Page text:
Throughout history, the theatre has had an important mission. The National Theatre values ethics and social responsibility highly.
It may be easy to forget that theatre evolved in ancient Greece, at the same time and in the same place as democracy, but it did, and for a reason. Theatre played an important part in creating a shared cultural identity, and through theatre festivals citizens could enjoy a new, free space and another mode of being. And so the theatre became one of the building blocks in the DNA of democracy.
The theatre has always mirrored its time. When Europe was cast into darkness by the middle ages, so were the stages. And rarely has theatre flourished as it did during the Renaissance. When Norway became a free nation with its own constitution, it was decided that a National Theatre would be built, as the main stage for the whole of the nation. It would be placed within the heart of the nation – between the Parliament and the palace, the university and the city hall. This building – and what goes on inside – are crucial to our national identity.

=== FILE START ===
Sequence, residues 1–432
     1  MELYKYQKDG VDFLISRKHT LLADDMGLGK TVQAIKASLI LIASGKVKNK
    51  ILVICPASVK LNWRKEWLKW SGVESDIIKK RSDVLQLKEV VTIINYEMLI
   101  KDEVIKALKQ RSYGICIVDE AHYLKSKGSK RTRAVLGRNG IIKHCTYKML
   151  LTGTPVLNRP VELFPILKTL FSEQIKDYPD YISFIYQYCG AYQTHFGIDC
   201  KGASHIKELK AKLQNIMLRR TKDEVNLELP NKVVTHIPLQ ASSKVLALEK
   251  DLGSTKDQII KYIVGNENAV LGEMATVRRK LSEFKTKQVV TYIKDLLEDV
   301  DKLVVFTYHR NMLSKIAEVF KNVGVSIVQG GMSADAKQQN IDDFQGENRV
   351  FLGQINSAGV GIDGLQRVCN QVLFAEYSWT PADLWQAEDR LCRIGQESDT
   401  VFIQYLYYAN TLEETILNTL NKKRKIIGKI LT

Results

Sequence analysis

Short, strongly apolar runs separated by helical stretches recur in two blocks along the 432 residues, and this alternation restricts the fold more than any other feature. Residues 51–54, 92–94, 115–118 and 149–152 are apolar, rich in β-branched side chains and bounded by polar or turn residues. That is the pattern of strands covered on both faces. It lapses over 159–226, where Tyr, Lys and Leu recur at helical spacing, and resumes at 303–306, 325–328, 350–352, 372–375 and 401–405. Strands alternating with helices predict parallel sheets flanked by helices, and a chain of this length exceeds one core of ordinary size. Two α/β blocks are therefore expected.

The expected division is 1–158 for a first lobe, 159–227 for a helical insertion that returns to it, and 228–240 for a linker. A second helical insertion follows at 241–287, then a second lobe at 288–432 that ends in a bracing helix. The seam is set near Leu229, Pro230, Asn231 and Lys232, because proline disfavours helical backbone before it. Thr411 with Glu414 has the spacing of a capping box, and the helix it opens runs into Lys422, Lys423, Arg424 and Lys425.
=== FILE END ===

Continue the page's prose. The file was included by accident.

During times of war and occupation, art and culture have been censored, as the National Theatre was censored during the Second World War.
The National Theatre values ethics and social responsibility highly. The theatre must perform its work in a manner that is fair and ethical to individuals, society, and the environment affected by our activities.